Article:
Psychological Theories on Competition - Dictionary of Arguments
Haslam I 11
Competition/psychological theories: Norman Triplett (Triplett 1898)(1) found out, that the presence of other people affects us as individuals. A competitor [or an audience] might lead most individuals to try harder and exert more effort than they would when working alone.
Def Social facilitation/Karau/Williams: Social facilitation refers to a tendency for the presence of other people (as co-actors or observers) to enhance our performance on simple or well-learned tasks, but to reduce it on complex or unfamiliar tasks (Geen, 1991(2); Zajonc, 1965(3)).
Def Social loafing/Karau/Williams: refers to a tendency for individuals to reduce their efforts when working with others on group or collective tasks (Latané et al., 1979(4)). Over time, many hundreds of studies have been conducted on social facilitation and social loafing, and a host of theories have been proposed to explain how and why various group and social factors affect individual effort and motivation (Bond and Titus, 1983(5); Karau and Williams, 1993(6)). Triplett’s work is also frequently recognized as seminal to the development of sports psychology (Davis et al., 1995(7)). >Competition/Triplett.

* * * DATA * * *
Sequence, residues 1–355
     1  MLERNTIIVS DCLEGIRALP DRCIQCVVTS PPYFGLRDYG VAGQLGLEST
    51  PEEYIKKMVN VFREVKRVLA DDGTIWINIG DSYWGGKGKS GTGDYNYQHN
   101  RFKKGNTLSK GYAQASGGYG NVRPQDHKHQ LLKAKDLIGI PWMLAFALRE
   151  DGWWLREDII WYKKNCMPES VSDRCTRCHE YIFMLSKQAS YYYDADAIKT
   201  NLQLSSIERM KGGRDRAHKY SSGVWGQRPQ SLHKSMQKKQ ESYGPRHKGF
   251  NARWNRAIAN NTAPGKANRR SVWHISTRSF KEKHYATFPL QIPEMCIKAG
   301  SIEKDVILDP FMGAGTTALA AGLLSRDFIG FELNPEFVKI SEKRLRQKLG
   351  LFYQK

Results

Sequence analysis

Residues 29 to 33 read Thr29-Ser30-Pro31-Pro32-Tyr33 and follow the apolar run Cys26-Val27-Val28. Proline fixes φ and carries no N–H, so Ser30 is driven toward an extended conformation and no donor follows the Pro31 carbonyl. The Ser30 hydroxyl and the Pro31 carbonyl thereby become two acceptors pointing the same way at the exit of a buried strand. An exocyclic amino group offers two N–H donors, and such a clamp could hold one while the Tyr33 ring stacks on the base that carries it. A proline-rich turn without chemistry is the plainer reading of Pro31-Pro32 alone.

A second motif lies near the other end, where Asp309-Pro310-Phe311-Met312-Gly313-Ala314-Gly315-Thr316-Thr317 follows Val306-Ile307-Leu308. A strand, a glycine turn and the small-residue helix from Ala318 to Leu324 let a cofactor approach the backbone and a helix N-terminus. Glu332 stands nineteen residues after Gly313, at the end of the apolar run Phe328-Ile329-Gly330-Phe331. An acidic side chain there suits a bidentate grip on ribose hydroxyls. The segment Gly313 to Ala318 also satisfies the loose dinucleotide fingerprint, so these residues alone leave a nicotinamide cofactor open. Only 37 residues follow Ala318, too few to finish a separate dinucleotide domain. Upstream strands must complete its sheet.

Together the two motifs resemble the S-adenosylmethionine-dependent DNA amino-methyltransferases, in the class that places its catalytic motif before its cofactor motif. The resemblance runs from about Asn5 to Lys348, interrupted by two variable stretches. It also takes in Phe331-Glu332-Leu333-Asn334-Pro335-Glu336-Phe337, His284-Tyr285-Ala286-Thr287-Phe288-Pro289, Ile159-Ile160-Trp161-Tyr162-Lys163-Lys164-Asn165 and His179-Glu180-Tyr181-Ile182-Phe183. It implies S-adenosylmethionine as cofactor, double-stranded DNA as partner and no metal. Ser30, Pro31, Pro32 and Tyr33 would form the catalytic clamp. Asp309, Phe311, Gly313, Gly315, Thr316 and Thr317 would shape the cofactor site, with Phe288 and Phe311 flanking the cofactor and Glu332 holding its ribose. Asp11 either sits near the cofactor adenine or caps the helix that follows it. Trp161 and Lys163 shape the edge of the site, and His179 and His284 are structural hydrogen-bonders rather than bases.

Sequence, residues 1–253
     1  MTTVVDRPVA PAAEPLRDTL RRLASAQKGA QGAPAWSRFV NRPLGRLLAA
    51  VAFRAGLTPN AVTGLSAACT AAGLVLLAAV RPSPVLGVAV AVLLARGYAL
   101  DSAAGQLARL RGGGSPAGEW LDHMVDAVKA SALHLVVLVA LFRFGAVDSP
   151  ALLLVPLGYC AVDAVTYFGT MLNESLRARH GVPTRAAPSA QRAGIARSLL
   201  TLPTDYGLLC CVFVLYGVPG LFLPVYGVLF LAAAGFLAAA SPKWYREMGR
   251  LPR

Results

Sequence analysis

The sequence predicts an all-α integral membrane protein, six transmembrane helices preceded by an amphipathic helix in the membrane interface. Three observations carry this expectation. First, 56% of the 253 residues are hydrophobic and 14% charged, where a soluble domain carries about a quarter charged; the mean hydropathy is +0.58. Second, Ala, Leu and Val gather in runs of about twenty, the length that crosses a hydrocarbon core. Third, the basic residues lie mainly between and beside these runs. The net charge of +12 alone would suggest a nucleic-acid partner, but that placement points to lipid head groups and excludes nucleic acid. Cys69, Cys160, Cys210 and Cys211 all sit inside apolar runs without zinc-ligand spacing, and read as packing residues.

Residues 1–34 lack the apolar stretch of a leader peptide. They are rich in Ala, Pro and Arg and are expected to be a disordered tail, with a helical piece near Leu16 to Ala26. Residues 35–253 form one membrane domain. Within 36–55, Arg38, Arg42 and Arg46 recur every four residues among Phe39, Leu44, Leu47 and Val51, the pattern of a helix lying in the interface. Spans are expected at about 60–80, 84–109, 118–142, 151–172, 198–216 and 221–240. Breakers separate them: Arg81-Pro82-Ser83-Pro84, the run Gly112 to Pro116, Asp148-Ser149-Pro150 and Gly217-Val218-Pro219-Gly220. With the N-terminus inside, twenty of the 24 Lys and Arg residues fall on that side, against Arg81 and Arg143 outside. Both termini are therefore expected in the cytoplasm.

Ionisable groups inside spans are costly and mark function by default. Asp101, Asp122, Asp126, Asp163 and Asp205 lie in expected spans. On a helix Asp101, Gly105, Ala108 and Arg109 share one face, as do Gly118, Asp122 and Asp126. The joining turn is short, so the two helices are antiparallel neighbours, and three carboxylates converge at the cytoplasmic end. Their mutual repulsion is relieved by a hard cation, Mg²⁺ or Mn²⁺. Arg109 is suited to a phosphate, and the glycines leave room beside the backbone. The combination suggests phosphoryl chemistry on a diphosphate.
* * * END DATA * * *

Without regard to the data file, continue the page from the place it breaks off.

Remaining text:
1. Triplett, N. (1898) ‘The dynamogenic factors in pacemaking and competition’, American Journal of Psychology, 9: 507–33.
2. Geen, R.G. (1991) ‘Social motivation’, Annual Review of Psychology, 42: 377–99.
3. Zajonc, R.B. (1965) ‘Social facilitation’, Science, 149: 269–74.
4. Latané, B., Williams, K.D. and Harkins, S.G. (1979) ‘Many hands make light the work: The causes and consequences of social loafing’, Journal of Personality and Social Psychology, 37: 822–32.
5. Bond, C.F. and Titus, T.J. (1983) ‘Social facilitation: A meta-analysis of 241 studies’, Psychological Bulletin, 94: 265–92.
6. Karau, S.J. and Williams, K.D. (1993) ‘Social loafing: A meta-analytic review and theoretical integration’, Journal of Personality and Social Psychology, 65: 681–706.
7. Davis, S.F., Huss, M.T. and Becker, A.H. (1995) ‘Norman Triplett and the dawning of sport psychology’, The Sport Psychologist, 9: 366–75.
Steven J. Karau and Kipling D. Williams, “Social Facilitation and Social Loafing. Revisiting Triplett’s competition studies”, in: Joanne R. Smith and S. Alexander Haslam (eds.) 2017. Social Psychology. Revisiting the Classic Studies. London: Sage Publications_____________Explanation of symbols: Roman numerals indicate the source, arabic numerals indicate the page number. The corresponding books are indicated on the right hand side. ((s)…): Comment by the sender of the contribution. Translations: Dictionary of Arguments The note [Author1]Vs[Author2] or [Author]Vs[term] is an addition from the Dictionary of Arguments. If a German edition is specified, the page numbers refer to this edition.
S. Alexander Haslam
Joanne R. Smith
Social Psychology. Revisiting the Classic Studies London 2017